“Human trafficking is one of the world’s most heinous and profitable criminal enterprises,” Harris said. “This legislation combats human trafficking by ensuring coordination between a wide range of agencies and partners. I applaud Speaker Emeritus Atkins for fighting this abhorrent crime.”

The bill creates a “permanent interagency task force led by the state Department of Justice.”

Harris long railed against human trafficking. As San Francisco’s district attorney in 2006, she sponsored an earlier bill that outlawed sex and labor trafficking. That measure also allowed restitution for trafficking victims and created a temporary group to report on the problem in California.

To learn how people with CDL trucking jobs are standing up against human trafficking in a big way, read Drive My Way’s feature about Truckers Against Trafficking.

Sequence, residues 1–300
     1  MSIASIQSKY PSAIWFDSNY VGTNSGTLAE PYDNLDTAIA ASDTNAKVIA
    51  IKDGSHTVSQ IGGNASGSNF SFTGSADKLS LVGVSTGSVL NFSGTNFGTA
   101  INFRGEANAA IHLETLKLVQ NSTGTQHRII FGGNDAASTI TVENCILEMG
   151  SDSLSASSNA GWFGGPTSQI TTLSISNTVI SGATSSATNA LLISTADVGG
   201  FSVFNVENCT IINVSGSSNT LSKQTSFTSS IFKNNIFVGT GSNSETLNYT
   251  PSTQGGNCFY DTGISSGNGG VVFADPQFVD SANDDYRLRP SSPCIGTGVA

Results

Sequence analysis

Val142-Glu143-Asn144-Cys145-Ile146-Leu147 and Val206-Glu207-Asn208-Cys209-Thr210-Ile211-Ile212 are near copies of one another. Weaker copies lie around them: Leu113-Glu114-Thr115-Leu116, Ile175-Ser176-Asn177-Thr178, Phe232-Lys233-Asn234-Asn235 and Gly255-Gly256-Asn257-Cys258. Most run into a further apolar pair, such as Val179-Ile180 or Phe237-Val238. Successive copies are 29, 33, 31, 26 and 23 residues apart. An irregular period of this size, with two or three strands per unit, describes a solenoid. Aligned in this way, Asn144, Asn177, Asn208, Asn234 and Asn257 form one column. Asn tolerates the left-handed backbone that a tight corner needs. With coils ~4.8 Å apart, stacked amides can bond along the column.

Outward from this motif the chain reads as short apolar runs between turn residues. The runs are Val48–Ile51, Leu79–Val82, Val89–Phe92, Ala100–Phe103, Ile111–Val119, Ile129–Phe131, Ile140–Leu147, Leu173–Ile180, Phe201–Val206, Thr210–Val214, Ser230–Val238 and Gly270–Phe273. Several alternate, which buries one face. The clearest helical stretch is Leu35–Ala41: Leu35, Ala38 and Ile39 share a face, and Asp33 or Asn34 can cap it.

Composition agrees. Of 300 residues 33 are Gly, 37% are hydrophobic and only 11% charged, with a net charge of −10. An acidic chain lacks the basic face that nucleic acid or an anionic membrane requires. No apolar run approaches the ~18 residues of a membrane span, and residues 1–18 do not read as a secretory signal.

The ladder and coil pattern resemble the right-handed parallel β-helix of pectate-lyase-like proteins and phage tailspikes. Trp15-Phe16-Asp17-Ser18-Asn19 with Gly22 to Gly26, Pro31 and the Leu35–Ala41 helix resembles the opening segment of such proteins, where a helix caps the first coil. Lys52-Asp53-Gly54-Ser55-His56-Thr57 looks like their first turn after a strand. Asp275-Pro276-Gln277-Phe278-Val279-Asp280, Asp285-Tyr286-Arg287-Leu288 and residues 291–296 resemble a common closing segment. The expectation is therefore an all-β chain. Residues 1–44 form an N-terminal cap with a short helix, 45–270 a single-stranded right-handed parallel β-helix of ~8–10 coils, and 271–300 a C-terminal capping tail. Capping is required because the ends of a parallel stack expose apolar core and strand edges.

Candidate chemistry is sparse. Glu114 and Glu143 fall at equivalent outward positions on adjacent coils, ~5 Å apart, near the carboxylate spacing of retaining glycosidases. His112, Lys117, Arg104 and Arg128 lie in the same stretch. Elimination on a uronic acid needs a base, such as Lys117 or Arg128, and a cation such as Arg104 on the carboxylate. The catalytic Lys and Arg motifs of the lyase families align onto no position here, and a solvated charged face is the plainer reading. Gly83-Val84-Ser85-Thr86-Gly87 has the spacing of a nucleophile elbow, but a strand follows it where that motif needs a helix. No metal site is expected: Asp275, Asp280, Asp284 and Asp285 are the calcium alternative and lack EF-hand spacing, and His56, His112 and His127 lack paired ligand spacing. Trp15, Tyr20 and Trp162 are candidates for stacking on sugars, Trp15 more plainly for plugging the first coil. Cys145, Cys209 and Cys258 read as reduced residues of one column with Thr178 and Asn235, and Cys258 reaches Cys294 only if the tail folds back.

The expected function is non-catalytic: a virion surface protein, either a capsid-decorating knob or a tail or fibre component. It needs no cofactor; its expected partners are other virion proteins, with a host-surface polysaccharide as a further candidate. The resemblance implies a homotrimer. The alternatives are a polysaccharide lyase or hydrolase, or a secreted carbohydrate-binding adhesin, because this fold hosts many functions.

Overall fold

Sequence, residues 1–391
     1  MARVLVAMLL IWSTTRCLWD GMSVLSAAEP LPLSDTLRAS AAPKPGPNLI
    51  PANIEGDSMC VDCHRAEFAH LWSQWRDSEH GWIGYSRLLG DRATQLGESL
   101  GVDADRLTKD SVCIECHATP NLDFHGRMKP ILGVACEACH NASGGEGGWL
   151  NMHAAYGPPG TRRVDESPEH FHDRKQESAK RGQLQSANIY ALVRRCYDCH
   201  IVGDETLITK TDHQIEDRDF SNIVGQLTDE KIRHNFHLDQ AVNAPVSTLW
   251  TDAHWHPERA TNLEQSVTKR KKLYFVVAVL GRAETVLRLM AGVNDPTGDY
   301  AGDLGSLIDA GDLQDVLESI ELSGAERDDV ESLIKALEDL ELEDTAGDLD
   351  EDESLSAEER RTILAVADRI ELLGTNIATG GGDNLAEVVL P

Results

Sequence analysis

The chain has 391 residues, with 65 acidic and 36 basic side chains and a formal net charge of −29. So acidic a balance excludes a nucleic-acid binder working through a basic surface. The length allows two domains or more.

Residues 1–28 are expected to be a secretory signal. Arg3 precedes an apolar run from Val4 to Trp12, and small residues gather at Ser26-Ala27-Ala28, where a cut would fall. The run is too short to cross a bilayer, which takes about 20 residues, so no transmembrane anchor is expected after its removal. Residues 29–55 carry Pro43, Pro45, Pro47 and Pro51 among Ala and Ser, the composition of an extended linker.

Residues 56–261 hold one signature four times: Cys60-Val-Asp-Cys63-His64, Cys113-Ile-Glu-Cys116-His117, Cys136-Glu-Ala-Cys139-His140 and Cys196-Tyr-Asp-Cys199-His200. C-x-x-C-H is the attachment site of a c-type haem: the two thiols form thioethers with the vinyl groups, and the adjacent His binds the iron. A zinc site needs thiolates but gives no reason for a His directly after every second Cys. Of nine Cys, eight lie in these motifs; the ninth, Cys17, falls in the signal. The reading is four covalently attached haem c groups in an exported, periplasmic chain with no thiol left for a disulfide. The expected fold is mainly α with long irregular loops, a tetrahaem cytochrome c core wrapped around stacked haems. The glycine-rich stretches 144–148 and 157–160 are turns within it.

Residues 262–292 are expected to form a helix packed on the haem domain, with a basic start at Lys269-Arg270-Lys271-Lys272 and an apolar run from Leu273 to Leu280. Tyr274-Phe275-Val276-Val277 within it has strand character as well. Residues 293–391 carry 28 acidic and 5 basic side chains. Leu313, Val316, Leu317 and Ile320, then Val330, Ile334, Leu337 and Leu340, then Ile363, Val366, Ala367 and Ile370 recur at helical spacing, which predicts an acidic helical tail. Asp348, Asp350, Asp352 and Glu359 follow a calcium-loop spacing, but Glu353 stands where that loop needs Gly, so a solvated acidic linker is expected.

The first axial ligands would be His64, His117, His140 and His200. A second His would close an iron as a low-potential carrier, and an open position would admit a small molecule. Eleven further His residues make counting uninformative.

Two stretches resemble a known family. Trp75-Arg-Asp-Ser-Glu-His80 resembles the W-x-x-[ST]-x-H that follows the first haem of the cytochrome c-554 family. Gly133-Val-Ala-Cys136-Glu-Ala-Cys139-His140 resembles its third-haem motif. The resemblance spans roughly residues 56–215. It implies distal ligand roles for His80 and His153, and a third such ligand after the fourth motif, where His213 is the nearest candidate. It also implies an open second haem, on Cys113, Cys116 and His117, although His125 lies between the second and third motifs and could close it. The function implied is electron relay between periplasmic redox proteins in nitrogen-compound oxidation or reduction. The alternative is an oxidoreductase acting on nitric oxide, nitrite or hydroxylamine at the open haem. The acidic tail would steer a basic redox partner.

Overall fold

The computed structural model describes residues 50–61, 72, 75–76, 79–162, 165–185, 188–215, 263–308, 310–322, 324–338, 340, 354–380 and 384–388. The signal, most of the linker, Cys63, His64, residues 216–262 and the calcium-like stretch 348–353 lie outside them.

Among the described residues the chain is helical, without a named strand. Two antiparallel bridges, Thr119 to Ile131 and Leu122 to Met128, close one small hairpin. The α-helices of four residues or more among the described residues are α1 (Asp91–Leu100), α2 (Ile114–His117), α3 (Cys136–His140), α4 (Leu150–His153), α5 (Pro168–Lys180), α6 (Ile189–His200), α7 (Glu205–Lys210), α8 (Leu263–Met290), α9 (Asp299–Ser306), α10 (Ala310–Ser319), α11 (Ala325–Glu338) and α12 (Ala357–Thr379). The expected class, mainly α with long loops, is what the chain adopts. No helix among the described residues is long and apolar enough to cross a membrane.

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DOT seeks feedback from CDL truck drivers on sleep apnea regulationsPeople with CDL trucking jobs already lament the federal regulations they must abide by in today’s world. Now, yet another regulation looms in the balance for truck drivers. If you are a CDL permit holder, now’s your time to speak up on the issue of sleep apnea.

On March 8, the Federal Motor Carrier Safety Administration and the Federal Railroad Administration jointly announced that they are seeking public comment during the next 90 days on the impacts of screening, evaluating, and treating CMV drivers and rail workers for obstructive sleep apnea (OSA). Writer David Cullen wrote about the issue in Heavy Duty Trucking.